Dental disease is one of the most common preventable illnesses in pets yet many people never even look in their pet’s mouths. It’s estimated 80% of dogs and 70% cats show signs of dental disease by age three, leading to abscesses, loose teeth, and chronic pain. In addition to regular dental cleanings by your vet, periodontal disease can be avoided by proper dental care by owners. Owner care includes brushing, oral rinses, and dental treats.

9. Never Give Pets People Medication

Medicines made for humans can kill your pet. As a matter of fact, in 2010 the ASPCA listed human drugs in the top 10 pet toxins.

NSAIDs like ibuprofen and naproxen are the most common pet poisoning culprits, but antidepressants, decongestants, muscle relaxants, and acetaminophen are just a few of the human drugs that pose health risks to pets. Human drugs can cause kidney damage, seizures, and cardiac arrest in a dog or cat.

If you suspect your pet has consumed your medication — or anything toxic — call your veterinarian.

10. Proper Restraint in a Vehicle

You buckle up for safety when you’re in the car, shouldn’t your pet? Unrestrained pets in a car are a distraction to the driver, and can put driver and pet at risk for serious injury. To keep pets safe in transit:

  • Never allow pets to travel in the front seat, where they’re at risk of severe injury or death if the airbag deploys.
  • Don’t let dogs ride with their head out the window or untethered in the back of a truck bed. Both practices put them at risk of being thrown from the vehicle in the event of an accident.
  • To keep pets safe, confine cats to carriers, then secure the carrier with a seatbelt. For dogs, there’s the option of a special harness attached to a seat belt, or a well-secured kennel.

For more information please visit the following link https://pets.webmd.com/ask-pet-health-11/vets-pet-care

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COVID-19: Additional measures we are taking

Dear Clients,

Due to the close contact that our work requires, we have taken additional measures to protect you and our team while providing care for your furry family members.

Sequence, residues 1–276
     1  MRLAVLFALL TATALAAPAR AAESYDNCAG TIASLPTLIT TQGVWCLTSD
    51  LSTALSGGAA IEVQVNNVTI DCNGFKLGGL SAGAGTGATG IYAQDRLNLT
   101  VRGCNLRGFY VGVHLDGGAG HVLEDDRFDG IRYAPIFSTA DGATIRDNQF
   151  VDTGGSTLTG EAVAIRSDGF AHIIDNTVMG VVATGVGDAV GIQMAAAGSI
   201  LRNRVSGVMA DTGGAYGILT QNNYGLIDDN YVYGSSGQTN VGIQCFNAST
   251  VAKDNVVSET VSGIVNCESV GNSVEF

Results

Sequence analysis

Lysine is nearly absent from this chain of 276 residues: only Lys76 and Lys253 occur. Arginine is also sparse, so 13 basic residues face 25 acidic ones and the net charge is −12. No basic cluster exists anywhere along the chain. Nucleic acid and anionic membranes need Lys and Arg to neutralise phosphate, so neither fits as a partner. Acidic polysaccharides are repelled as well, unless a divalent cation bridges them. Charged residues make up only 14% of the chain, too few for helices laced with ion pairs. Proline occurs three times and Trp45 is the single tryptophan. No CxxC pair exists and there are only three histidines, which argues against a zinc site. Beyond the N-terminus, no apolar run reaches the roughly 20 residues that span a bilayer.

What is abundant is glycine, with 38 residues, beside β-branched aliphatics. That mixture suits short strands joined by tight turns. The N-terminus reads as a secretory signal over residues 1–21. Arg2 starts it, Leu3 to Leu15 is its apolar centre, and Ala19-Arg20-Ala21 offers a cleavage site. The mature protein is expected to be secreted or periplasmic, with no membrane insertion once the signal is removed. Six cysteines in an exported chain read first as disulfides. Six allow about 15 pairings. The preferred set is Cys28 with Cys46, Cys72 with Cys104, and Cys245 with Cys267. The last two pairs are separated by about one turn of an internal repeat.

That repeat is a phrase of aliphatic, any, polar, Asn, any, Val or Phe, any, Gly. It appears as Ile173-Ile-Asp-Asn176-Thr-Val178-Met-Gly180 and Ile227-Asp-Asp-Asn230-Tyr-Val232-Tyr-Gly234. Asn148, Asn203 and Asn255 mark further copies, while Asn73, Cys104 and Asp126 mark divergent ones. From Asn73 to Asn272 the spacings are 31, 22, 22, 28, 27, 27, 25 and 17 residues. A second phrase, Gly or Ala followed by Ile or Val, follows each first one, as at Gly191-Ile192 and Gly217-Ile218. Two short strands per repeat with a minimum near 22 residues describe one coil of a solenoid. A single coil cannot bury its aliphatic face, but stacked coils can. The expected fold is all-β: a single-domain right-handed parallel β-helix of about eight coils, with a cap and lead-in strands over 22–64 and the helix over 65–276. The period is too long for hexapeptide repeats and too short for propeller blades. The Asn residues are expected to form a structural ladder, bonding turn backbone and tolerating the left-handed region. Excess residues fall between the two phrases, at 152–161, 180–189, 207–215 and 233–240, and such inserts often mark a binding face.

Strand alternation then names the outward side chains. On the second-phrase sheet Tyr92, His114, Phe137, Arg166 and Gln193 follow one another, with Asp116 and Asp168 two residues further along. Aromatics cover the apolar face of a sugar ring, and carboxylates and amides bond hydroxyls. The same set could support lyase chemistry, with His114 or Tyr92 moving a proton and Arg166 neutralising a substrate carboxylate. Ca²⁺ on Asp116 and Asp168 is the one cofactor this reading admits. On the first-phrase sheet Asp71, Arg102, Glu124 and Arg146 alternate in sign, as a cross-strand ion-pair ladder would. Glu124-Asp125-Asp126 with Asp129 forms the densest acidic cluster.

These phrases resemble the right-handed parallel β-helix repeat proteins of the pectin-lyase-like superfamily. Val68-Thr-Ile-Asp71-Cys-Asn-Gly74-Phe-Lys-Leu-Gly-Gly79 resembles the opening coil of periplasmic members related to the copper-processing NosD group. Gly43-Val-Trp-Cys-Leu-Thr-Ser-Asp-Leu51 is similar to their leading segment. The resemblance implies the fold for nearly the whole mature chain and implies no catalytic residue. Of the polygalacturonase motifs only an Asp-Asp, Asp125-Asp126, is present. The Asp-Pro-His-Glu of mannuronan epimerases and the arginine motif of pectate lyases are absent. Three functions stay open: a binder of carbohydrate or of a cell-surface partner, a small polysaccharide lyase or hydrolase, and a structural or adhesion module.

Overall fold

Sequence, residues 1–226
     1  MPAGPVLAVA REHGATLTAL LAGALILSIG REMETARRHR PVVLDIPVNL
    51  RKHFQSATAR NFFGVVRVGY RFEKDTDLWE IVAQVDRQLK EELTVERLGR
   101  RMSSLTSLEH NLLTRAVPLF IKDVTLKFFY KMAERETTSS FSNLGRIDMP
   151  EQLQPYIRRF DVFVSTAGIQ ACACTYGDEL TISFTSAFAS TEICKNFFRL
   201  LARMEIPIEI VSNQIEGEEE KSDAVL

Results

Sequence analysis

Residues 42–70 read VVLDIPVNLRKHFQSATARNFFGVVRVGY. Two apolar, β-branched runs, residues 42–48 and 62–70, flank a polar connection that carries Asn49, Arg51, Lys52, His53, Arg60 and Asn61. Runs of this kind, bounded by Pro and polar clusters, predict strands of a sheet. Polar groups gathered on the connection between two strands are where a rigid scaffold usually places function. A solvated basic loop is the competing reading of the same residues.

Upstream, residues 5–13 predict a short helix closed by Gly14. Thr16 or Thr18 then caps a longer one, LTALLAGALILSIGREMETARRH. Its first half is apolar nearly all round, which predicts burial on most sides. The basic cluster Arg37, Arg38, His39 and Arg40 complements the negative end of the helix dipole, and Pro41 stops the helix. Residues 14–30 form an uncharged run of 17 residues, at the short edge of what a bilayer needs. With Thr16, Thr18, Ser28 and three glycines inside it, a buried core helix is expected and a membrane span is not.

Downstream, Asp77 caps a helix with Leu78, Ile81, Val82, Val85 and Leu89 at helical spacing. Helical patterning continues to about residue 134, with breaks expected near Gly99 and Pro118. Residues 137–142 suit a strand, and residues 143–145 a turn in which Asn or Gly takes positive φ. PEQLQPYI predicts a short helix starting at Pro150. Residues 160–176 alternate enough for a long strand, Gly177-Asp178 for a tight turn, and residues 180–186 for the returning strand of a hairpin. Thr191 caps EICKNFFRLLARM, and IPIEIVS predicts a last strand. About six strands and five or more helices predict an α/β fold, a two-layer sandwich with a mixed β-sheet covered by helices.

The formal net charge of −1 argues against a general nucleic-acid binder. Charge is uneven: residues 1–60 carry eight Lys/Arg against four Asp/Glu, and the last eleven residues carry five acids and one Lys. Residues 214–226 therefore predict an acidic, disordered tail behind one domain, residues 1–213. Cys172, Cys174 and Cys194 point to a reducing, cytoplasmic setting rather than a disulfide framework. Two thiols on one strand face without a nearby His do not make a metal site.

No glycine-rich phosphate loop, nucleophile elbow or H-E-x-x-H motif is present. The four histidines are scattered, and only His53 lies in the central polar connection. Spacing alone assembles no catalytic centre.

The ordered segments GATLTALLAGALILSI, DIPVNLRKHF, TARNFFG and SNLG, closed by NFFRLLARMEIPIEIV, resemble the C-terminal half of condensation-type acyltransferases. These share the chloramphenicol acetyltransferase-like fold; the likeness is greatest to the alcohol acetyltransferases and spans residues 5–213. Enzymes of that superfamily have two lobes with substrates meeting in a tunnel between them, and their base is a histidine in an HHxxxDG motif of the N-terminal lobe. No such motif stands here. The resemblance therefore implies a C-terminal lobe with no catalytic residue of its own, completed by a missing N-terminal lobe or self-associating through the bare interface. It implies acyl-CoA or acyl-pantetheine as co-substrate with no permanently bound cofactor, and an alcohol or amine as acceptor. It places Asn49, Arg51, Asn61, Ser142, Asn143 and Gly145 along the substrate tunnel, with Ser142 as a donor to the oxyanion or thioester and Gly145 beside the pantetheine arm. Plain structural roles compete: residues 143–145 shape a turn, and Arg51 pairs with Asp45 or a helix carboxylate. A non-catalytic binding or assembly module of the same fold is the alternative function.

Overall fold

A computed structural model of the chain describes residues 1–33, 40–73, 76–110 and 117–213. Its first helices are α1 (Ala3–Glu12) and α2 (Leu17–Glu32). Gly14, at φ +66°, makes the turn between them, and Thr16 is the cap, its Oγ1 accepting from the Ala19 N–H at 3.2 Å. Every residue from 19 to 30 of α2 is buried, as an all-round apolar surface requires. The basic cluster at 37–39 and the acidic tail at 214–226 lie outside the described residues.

The following changes are effective as of Thursday, March 26, 2020:

1. We are currently operating a "closed waiting room" policy to protect our clients and staff. When you arrive, please remain in your vehicle and use your cell phone to call us at 604-463-7100. We will bring your pet into the hospital for an examination with the veterinarian. The veterinarian will then call you to discuss our recommended treatment plan. After your appointment, a technician will return your pet to your car and take care of any needed medications and payment.

2. We are continuing to accept appointments for urgent or sick pets, as well as time-sensitive puppy/kitten vaccinations. All other services will be scheduled for a later time. However, if you're unsure whether your pet needs medical attention, please call us to discuss your situation.

3. We are still OPEN with the following hours:
Sunday to Saturday: 8:00 am - 5:00 pm

4. If you are ordering food or medications, please allow 2-4 business days as our suppliers are dealing with increased demand and are trying to fill orders as quickly as possible. We will advise you as soon as your order arrives. Please call us when you arrive to pick up your order, but do not enter the hospital. Our staff will bring your order to your car. You can also use our online store and have your food delivered directly to your home. To sign up for the Online Store, please visit our website.

5. For the time being, we are not accepting cash as payment. Credit cards and debit card payments are still available.

6. Online consultations are now available! If you wish to connect with a veterinarian via message, phone or video, visit our website and follow the "Online Consultation" link.

7. Following the recommendations of our government and medical experts, we are doing our best to practice social distancing within the constraints of our jobs. We have taken these measures to avoid both contracting and facilitating the spread of this disease.

Thank you for helping us be diligent for everyone's safety. As we have heard from all levels of government, the situation is fluid, and any updates will be provided as changes occur.

- Your dedicated team at Alouette Animal Hospital